In my remarks on the Constable catalogue, I was not at all scornful, as Arthur Marwick (Letters, 12 September) suggests, of its attention to factual detail, which I described as admirable. What I objected to was the catalogue’s refusal to make any attempt to attribute meaning to Constable’s picture’s, and its way of rejecting, without even a show of argument, the interpretations of other critics. 1 was not at all put out that Professor Marwick regards my own accounts of the past as fictitious, and of course I was pleased that he finds them so fascinating. As for the rest of his letter, I can’t imagine why he wrote it, and I have no idea what would be an appropriate comment on it. As far as I can make out, he wants to say that no historians are Marxists, that David Solkin’s Richard Wilson catalogue is a tissue of Marxist clichés, that Marxist interpretations of history and art are ‘usually wrong’, and that Cultural Materialists and New Historicists are ipso facto Marxist. He also seems to think that I am a Marxist, which I’m not at all sure about. If he cares to say why he thinks these things, I may care to roll up my sleeves and reply, but I doubt it.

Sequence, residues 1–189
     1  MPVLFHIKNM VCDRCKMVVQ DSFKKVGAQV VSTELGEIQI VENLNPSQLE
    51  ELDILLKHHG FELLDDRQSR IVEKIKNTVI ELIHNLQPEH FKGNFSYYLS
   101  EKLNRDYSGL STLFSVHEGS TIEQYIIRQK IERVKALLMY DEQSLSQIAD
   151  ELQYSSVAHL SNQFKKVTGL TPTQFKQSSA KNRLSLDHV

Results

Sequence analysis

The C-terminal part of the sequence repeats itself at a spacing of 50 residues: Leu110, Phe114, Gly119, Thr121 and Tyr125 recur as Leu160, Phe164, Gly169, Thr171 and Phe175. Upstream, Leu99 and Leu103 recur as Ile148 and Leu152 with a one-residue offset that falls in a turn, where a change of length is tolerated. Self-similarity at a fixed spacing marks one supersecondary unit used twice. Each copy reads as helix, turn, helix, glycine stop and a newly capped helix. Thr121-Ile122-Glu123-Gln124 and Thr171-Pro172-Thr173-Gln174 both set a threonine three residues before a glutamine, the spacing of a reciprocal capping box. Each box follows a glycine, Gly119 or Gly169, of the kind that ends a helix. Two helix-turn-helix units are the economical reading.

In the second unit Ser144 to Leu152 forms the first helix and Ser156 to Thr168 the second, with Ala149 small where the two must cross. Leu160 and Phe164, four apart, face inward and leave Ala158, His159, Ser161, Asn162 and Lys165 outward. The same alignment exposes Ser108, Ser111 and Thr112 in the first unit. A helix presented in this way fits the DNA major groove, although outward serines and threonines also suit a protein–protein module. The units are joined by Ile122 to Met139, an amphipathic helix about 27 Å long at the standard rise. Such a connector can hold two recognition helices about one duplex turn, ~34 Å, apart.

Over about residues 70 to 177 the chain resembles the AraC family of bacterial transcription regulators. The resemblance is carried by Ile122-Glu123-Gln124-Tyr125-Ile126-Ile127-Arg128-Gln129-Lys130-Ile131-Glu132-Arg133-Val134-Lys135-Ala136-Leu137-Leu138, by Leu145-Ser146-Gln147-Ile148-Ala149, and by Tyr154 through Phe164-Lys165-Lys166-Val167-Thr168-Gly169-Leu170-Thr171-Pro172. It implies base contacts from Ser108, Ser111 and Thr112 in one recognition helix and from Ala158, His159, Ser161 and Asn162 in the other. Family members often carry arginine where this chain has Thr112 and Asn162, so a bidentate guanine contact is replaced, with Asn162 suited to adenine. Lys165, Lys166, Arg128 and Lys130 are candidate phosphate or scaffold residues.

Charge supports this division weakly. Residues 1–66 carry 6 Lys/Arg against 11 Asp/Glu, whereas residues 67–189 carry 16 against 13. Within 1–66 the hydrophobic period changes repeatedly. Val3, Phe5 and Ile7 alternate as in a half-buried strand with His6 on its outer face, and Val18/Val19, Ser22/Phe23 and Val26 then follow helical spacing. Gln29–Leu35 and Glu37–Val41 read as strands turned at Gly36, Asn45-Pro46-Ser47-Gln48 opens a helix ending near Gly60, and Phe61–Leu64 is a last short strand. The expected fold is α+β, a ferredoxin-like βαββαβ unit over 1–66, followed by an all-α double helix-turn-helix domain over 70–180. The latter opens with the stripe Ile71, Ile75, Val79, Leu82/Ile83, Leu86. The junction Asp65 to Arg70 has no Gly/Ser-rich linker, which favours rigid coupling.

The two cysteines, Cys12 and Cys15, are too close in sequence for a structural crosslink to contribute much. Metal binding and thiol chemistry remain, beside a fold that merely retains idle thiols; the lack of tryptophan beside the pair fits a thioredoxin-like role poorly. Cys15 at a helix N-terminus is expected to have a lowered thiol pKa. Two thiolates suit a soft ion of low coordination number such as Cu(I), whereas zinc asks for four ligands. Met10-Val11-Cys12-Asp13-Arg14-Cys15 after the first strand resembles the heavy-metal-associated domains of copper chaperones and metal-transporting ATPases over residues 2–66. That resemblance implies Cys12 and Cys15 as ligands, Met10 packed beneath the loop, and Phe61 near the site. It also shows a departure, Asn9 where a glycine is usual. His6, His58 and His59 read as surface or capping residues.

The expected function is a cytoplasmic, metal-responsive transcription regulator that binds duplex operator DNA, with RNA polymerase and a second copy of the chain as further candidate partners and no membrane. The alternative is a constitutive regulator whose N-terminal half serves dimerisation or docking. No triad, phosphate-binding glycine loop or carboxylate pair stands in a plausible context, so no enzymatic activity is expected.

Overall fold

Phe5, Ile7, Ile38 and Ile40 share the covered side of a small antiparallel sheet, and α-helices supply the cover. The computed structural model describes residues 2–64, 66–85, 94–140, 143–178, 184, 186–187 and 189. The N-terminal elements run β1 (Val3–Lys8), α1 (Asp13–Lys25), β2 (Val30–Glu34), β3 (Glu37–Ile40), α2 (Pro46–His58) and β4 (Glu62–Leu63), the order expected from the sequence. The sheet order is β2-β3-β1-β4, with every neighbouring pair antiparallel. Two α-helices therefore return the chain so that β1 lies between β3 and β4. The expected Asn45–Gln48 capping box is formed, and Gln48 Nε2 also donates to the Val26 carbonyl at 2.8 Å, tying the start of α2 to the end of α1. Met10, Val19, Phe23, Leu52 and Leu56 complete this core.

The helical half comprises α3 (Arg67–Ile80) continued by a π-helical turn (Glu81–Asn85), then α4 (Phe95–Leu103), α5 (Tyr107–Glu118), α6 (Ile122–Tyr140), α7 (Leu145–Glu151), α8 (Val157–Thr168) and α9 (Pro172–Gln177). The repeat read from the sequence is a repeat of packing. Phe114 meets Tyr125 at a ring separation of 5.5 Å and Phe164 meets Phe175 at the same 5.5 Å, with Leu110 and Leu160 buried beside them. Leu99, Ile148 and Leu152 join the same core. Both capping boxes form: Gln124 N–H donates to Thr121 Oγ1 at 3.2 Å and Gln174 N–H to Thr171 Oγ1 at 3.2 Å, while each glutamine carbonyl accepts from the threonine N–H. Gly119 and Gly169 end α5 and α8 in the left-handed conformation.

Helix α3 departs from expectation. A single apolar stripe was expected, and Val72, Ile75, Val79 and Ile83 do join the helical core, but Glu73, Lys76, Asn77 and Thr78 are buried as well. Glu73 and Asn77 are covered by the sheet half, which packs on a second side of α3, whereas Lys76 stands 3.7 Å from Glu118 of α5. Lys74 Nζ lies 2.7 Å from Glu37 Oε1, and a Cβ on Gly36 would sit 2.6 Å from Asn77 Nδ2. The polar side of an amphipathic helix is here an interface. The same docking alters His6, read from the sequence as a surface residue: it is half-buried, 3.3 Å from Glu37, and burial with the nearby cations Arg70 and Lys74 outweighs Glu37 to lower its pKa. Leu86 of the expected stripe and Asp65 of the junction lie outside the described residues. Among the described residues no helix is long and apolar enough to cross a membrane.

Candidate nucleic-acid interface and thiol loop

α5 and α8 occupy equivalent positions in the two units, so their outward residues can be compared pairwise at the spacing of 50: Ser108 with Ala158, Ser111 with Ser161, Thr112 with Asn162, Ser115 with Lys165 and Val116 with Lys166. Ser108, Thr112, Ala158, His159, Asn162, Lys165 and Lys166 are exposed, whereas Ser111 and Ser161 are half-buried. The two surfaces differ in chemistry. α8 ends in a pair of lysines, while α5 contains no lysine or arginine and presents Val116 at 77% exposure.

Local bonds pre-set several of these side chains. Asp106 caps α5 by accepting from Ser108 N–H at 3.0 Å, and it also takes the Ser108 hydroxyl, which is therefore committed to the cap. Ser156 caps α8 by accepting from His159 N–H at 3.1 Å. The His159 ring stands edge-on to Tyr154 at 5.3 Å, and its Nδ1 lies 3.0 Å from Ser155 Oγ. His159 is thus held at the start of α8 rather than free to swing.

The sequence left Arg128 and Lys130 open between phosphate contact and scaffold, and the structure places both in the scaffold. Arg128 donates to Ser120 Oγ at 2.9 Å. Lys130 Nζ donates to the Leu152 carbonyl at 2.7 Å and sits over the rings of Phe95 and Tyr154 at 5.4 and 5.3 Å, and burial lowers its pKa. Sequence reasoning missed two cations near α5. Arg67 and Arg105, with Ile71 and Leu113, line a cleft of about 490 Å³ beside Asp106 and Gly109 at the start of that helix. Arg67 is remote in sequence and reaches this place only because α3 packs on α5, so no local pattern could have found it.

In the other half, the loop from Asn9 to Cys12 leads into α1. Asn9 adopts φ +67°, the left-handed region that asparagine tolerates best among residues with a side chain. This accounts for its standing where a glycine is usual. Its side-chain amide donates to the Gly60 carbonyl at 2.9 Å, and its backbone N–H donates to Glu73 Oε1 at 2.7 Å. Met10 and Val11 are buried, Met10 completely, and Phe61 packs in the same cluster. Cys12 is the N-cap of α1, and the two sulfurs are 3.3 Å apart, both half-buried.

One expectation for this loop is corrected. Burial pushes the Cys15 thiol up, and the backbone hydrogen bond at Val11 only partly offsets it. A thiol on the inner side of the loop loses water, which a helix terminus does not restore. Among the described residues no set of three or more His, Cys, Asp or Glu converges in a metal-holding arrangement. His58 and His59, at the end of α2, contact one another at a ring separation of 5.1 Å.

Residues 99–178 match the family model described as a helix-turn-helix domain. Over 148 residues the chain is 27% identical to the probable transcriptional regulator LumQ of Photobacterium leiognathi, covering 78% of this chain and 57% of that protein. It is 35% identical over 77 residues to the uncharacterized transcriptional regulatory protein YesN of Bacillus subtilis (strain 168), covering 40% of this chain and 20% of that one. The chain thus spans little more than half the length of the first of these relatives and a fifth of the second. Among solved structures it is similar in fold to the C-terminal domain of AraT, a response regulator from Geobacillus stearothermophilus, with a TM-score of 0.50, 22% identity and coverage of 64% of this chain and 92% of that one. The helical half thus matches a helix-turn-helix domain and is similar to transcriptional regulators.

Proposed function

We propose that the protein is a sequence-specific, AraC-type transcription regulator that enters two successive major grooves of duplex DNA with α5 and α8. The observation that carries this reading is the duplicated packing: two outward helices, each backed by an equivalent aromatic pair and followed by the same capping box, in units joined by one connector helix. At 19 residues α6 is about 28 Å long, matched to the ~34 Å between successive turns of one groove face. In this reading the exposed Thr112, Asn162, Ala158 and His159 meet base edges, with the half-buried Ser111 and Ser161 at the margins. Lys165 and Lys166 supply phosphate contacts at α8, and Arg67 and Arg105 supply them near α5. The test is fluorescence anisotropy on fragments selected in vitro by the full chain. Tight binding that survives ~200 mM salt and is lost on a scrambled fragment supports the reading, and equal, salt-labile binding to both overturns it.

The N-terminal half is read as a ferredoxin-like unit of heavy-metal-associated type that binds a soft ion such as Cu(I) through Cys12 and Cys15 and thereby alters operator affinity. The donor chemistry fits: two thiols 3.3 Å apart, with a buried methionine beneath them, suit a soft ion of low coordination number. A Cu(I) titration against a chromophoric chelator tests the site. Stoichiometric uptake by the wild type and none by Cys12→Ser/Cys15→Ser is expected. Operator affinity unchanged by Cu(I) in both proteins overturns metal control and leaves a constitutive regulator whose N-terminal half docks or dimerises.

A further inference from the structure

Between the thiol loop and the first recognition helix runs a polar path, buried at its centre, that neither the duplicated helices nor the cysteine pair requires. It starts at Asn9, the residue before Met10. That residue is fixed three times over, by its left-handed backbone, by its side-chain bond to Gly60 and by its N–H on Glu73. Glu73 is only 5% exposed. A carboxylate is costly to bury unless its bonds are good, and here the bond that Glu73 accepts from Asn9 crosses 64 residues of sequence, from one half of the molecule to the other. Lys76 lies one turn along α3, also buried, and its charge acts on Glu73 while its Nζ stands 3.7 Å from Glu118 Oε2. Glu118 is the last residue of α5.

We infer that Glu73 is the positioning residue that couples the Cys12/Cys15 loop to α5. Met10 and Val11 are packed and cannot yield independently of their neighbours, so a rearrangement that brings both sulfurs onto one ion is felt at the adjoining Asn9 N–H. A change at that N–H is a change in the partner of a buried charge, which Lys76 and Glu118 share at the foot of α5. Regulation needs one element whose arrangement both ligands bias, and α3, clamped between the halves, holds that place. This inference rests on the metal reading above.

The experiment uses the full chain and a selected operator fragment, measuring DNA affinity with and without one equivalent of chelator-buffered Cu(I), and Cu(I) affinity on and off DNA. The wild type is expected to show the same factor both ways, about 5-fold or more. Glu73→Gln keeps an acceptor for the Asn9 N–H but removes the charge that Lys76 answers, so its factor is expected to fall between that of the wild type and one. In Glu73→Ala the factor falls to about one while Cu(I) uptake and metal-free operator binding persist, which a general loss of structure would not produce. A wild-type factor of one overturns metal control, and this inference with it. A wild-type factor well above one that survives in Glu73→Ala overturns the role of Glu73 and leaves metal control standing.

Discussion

University of Sussex
I write in a spirit of considerable gingerliness to take exception to John Barrell’s treatment of Constable (LRB, 15 August). Not only is anyone who loves the paintings deeply in his debt for his treatment of both Constable and Turner in the past, but he has shown himself to have a quite terrific way with those who disagree with him. Surely the thing about Constable is exactly that people can find in his pictures an answer to their need ‘to identify a people and its territory’. Somewhere in the preface to Single Spies, Alan Bennett says something to the effect that treason has fallen out of fashion because people are no longer clear what there is to betray in their country, and do not know what to love in it. Amen to that, we might say, after 12 years of Mrs Thatcher and her Goths in Parliament. The power of Constable is, however, that he shows so plainly what there is to love.
It hardly matters whether a day in the country is spent in the Home Counties (at the name of which John Barrell might well have a number of his characteristically bitter jokes to make), or Constable’s so unhomely East Anglia, or among Thomas Girtin’s Yorkshire abbeys. The resonant name of John Constable serves, as they say, as signifier for all these other names which so reliably and reassuringly teach millions what to feel in front of their pictures and their metonymous landscapes. Patriotism is now none the worse for having shrunk to these familiar and uncontentious places.
University of Warwick